Subsequent to formal introductions facilitated through the meeting of the Non-Aligned Movement in Caputia the Grand Vizier of Raspur and the Autokrator of Constancia were able to negotiate a comprehensive trade and strategic cooperation agreement which guaranteed Raspur an export market for its petroleum and opiate output as well as the right to export to the wider world via the Constancian ports of Nivardom and Aqabah. Additionally Raspurids abroad would be permitted to access the support services of Constancia's more expansive network of embassies and consulates. In return Raspur would provide garrisons for a network of ribats and caravansaries along the trade routes between the two realms, offer Constancia preferential access to its petroleum reserves, and host a Constancian military mission to reform and reorganise the Khan's personal guard.
In 1662, building on the rapidly improving relations with Constancia, Raspur formally declared itself to be in alignment with the Sxiro-Natiopian Alliance, in consequence of which it was invited to join the Entente which subsequently rebranded itself as the Raspur Pact following a special session of the Permanent Committee hosted in the Upper Ziggurat of Raspur.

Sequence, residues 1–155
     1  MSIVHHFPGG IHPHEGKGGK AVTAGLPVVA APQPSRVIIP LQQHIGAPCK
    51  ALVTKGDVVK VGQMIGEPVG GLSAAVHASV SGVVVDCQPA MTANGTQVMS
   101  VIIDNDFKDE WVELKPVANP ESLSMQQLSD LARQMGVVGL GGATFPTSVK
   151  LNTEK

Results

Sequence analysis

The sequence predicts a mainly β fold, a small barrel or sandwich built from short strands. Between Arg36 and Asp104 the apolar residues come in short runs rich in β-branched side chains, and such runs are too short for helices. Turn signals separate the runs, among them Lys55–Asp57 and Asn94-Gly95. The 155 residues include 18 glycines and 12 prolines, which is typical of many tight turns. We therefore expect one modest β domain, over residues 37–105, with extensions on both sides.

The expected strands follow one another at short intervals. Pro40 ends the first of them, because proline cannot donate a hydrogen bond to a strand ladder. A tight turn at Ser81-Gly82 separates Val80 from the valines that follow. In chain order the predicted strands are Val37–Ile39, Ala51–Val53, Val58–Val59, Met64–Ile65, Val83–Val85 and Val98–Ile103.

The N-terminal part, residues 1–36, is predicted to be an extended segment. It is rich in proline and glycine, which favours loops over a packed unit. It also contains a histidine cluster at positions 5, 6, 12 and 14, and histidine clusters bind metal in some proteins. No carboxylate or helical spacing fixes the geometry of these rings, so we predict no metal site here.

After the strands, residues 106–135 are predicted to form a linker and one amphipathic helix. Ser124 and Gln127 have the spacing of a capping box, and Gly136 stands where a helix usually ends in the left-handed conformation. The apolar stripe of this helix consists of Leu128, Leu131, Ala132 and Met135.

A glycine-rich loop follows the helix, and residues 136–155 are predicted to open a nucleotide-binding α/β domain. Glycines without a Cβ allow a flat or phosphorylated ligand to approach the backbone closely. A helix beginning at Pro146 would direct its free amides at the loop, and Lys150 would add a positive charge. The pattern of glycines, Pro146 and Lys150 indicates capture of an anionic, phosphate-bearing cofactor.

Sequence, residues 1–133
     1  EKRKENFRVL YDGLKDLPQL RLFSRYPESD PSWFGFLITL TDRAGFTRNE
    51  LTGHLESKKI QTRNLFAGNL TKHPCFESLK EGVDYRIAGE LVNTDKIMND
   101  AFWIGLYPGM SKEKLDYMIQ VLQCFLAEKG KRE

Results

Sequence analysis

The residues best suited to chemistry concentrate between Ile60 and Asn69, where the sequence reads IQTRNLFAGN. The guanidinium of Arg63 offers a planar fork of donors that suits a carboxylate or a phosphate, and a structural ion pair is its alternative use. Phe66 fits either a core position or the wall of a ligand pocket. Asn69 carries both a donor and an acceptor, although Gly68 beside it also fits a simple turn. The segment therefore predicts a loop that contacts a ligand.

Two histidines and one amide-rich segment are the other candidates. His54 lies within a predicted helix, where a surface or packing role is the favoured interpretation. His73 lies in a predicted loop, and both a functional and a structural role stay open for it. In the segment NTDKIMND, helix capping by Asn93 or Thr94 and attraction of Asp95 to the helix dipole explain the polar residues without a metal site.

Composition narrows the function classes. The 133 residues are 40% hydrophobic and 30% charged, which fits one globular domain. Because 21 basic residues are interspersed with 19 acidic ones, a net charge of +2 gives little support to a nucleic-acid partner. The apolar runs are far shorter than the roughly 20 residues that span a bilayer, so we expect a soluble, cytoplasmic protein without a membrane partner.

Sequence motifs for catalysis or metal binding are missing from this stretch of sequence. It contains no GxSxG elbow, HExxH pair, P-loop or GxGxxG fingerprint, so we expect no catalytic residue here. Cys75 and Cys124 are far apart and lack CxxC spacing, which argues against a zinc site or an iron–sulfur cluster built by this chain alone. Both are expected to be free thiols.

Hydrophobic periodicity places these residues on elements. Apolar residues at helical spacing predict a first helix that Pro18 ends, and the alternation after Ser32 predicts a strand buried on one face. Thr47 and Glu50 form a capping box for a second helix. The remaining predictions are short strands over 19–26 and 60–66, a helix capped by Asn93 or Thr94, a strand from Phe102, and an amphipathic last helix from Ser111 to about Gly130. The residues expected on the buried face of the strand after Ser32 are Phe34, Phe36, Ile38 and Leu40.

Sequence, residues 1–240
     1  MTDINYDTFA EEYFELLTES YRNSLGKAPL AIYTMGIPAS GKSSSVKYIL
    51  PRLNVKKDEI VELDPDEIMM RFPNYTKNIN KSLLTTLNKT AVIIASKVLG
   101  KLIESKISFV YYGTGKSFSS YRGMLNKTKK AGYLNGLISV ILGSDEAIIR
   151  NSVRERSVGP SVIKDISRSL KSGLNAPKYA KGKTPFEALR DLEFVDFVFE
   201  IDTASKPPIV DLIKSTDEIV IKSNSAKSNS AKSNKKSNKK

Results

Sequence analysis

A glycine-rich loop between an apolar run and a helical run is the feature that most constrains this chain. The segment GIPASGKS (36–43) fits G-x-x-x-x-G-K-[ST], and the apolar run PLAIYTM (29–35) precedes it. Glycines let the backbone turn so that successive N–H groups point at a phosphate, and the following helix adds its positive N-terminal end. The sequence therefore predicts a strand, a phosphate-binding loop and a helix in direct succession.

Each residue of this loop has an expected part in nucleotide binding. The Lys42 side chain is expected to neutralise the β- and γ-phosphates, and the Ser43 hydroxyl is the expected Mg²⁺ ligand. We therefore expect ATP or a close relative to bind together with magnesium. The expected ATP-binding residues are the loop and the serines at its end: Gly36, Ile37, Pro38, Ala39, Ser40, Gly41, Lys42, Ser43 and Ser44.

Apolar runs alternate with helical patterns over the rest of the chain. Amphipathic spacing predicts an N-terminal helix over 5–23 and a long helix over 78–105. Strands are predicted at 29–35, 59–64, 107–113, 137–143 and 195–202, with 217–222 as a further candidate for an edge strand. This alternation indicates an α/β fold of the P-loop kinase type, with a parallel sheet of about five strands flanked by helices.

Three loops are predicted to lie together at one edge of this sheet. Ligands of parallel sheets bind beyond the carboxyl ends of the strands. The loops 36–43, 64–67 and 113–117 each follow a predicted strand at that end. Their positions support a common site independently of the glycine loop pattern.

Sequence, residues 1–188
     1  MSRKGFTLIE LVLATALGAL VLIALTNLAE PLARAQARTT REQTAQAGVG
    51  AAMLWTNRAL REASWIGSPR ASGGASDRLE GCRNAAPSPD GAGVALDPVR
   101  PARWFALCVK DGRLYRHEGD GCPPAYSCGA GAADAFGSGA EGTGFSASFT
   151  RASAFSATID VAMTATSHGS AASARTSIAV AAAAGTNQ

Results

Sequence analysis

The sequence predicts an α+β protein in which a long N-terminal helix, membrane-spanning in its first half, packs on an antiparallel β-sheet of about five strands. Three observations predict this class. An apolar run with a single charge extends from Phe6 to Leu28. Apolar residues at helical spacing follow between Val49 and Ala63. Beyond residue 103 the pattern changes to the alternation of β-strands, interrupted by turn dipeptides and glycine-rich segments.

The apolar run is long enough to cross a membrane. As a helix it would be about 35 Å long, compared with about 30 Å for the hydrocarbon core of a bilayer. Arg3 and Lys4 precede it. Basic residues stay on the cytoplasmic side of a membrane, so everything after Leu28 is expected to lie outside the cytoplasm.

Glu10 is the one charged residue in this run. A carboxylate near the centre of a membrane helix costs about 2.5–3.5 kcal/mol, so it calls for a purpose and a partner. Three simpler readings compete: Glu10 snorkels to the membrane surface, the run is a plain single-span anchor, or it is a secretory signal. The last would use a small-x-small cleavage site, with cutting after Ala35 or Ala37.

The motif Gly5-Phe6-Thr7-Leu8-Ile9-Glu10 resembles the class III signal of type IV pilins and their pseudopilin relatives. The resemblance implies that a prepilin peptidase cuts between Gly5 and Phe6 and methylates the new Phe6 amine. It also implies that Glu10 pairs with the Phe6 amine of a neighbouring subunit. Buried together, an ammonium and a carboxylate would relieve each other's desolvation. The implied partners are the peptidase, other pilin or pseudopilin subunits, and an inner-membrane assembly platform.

Main Article: Military of Raspur
The Khanate relied, until its accession to the Raspur Pact, entirely on repaired and reconditioned Babkhan military equipment recovered from the myriad of bunkers and arms depots lost under the desert fastness of the irradiated wastelands. This influence is still heavily apparent and the military organisation of the Khanate similarly reflects the legacy of that vanished Euran empire.
The language of Raspur is a dialect of Babkhi, directly descended from the literary and classical language of Babkha but somewhat devolved - described as harsh and abrasive, or "akin to barking".
In 1663 726,420 children aged 5 to 15 were in full time education at temple seminaries and of these 123,491 received bursaries from the Khan.